Funeral Planning: What is a Living Trust?
Although much of the information you’ll find online regarding funeral planning has to do with funeral pre-plans and the kind of funeral insurance that allows you to tie your money into a specific funeral home, there are actually many different types of financial and legal steps you can take to secure your estate.
One such option in funeral planning is a living trust. Like a will, a living trust allows you to allocate your money and resources to your dependents. However, unlike a will, this contract can take effect while you are still alive. This not only makes a lot of the proceedings an easier transition, but you can cause your estate to avoid probate so that your family doesn’t have to wait for the legal system to process everything before they gain control of their inheritance.
All About Living Trusts
Most people don’t consider living trusts until they either have a large number of assets that will need to eventually be dispersed or if they have reached a point in their life where it has become necessary to make a will and consider funeral plans. These documents can be drafted with the help of an estate lawyer, who should also be part of the creation of a will and living will (not the same as a living trust).
In a living rust, the trustee (the beneficiary you choose) is the official owner of your assets while you are still alive. In order to process this kind of transition, you have to move all the necessary assets (including real estate titles, bank accounts, stock certificates, and other property) into the trust. Depending on the exact nature of your living trust, this may mean that you can control these items until your death, or that your beneficiary can start accessing your assets right away.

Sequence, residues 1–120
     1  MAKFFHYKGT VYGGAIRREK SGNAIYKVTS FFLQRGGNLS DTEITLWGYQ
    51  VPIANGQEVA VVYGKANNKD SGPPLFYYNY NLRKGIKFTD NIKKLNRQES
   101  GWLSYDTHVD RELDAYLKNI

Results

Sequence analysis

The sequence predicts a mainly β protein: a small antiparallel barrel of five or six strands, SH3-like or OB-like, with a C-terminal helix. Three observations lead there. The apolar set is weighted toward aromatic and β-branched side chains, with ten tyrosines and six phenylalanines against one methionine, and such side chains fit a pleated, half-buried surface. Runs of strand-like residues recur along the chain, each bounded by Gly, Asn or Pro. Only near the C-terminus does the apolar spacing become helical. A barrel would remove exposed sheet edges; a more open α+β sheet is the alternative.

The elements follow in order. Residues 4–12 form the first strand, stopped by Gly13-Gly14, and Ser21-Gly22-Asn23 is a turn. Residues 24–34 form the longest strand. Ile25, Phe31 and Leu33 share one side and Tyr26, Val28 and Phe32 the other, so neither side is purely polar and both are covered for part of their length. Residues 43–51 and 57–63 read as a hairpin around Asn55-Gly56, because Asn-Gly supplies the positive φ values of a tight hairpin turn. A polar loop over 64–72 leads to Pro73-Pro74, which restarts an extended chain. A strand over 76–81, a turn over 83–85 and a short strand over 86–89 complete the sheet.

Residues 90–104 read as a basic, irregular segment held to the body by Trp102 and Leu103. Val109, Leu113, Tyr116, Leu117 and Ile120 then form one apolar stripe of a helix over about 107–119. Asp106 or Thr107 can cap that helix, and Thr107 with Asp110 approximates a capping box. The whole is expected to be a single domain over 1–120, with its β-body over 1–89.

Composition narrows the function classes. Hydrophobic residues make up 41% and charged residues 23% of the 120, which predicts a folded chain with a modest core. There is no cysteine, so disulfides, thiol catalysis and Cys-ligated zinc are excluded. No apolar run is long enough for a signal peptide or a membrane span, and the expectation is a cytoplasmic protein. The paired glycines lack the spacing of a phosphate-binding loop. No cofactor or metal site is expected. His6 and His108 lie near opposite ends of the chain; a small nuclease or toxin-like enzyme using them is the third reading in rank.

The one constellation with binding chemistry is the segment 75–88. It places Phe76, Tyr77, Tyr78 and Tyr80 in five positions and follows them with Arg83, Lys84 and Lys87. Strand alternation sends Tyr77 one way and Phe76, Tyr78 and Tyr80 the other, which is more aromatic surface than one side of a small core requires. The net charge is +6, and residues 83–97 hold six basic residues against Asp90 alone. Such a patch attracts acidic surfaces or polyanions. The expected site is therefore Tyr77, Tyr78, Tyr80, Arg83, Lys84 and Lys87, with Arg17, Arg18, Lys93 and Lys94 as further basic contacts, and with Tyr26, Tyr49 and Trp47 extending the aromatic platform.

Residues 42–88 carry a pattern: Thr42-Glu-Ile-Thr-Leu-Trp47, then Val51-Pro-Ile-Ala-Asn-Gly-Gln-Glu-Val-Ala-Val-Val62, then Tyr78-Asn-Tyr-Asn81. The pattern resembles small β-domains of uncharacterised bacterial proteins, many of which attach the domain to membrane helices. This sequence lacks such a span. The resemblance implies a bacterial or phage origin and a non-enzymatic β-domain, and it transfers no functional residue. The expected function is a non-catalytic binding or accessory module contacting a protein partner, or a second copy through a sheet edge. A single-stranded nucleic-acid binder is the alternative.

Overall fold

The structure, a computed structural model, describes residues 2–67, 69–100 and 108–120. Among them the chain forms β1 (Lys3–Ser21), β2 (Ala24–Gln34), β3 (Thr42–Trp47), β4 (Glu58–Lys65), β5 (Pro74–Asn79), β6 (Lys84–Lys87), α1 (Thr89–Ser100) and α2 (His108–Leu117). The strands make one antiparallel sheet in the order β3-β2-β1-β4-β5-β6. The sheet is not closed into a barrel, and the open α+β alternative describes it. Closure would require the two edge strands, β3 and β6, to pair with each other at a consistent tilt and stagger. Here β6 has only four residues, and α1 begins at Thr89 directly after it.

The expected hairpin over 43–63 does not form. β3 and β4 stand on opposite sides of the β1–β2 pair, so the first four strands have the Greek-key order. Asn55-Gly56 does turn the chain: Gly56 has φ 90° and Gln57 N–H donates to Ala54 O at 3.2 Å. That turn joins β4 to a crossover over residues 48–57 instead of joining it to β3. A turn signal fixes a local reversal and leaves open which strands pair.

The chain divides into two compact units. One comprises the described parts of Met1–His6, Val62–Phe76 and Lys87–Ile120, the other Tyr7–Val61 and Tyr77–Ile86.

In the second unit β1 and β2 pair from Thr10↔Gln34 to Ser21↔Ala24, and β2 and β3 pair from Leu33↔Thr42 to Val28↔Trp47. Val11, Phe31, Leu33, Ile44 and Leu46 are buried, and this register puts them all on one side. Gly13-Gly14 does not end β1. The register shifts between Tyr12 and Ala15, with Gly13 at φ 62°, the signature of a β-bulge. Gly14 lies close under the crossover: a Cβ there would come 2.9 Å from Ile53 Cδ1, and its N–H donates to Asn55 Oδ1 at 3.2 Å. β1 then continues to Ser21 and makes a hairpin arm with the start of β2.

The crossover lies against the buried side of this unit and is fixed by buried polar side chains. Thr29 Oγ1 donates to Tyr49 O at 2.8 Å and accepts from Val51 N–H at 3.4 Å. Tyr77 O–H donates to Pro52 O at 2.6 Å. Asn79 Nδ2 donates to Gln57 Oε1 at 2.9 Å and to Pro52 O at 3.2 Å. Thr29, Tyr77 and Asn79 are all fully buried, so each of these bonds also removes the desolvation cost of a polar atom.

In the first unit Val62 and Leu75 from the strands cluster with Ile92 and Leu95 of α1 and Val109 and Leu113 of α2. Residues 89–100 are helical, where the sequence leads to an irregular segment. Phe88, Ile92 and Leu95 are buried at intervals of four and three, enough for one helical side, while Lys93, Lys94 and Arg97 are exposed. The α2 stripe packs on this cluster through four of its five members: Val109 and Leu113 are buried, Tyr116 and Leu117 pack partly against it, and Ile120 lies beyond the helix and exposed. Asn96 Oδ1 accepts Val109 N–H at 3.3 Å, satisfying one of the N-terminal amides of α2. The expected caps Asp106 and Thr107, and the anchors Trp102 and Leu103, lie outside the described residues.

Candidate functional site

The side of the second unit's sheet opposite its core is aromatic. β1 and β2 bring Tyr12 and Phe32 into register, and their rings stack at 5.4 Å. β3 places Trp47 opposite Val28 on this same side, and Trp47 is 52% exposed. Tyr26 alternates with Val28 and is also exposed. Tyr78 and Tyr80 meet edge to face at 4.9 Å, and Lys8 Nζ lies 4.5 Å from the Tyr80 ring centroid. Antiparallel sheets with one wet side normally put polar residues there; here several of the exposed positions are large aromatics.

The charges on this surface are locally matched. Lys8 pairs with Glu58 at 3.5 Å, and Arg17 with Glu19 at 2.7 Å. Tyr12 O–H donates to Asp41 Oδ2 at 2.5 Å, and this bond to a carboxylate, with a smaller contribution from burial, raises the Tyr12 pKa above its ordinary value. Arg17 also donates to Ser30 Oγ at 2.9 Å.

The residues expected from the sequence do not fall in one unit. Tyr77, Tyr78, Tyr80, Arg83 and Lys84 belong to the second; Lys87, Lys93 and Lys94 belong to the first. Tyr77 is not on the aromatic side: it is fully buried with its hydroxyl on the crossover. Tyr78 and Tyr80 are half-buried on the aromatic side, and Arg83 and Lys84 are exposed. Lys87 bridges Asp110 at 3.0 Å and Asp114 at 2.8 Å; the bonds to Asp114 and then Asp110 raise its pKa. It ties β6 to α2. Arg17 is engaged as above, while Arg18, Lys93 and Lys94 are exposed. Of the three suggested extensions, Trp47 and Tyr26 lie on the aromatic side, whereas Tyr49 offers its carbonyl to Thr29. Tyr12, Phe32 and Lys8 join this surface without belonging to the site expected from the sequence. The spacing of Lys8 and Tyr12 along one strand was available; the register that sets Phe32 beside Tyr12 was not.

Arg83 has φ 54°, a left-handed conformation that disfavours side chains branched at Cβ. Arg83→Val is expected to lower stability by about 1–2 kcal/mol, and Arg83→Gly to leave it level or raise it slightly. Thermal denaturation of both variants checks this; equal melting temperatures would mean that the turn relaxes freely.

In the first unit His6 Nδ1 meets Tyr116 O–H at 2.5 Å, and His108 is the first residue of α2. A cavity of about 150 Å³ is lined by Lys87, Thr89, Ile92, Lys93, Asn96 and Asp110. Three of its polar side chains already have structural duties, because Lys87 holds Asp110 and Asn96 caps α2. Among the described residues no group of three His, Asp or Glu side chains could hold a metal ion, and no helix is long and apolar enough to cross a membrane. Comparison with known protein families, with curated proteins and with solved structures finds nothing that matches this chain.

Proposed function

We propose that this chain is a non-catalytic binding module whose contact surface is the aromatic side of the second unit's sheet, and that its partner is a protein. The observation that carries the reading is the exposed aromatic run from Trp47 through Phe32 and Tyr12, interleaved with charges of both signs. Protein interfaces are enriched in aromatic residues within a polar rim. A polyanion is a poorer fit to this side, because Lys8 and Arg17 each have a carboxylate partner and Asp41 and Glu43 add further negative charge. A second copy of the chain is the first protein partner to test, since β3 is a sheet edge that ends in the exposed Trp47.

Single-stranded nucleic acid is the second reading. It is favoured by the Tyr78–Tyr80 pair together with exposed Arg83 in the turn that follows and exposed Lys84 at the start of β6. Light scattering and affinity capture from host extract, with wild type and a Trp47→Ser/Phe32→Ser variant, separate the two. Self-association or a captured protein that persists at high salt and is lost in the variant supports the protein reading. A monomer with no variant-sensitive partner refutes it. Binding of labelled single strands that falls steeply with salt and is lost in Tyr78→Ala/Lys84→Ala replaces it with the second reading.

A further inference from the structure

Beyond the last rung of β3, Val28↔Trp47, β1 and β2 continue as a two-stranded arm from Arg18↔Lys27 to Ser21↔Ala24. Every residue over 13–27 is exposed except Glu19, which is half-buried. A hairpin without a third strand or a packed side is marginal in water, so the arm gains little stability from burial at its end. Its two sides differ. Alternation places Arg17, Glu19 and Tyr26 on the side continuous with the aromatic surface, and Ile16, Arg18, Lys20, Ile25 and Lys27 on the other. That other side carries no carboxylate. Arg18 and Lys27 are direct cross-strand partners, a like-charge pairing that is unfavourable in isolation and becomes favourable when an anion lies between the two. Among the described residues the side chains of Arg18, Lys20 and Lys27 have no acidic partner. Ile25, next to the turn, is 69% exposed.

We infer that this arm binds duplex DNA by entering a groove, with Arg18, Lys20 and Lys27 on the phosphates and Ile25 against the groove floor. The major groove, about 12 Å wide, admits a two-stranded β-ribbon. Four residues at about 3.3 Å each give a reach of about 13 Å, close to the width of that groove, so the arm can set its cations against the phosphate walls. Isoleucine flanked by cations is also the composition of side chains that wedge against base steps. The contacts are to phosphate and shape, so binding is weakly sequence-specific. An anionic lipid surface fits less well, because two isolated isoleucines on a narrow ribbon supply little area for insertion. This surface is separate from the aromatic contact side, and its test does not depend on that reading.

Overall, living trusts can help you avoid many types of inheritance taxes and also to control where and how your money is disbursed. They also allow you to free up your money almost immediately following your death, so that funeral costs can be defrayed by your estate without putting a burden on your family.
Of course, not even a living will is written 100 percent in stone. If you change your mind regarding your beneficiary, or if you acquire additional assets in the time between when the will is drafted and death, you can make the necessary adjustments to the living trust.
Living Trusts: What to Watch Out For
Unfortunately, there are organizations that will take advantage of you as you are addressing your end- of-life issues. You should never feel pressured to name your living trust beneficiary as anyone but who you have in mind, and the cost of drafting a living trust should not be any more or less than what you would pay an estate lawyer for a few hours of his or her time. Organizations that promise easy, at-home results could be part of a money-making scheme that charges thousands of dollars for paperwork or a “kit” that isn’t from a reliable source.
Always talk with your family members and family lawyer when making living trust (or any estate planning) arrangements. As long as it is done properly, a living trust is a great way to help with funeral plans and facilitate the transfer of your assets.
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By Amy Johnson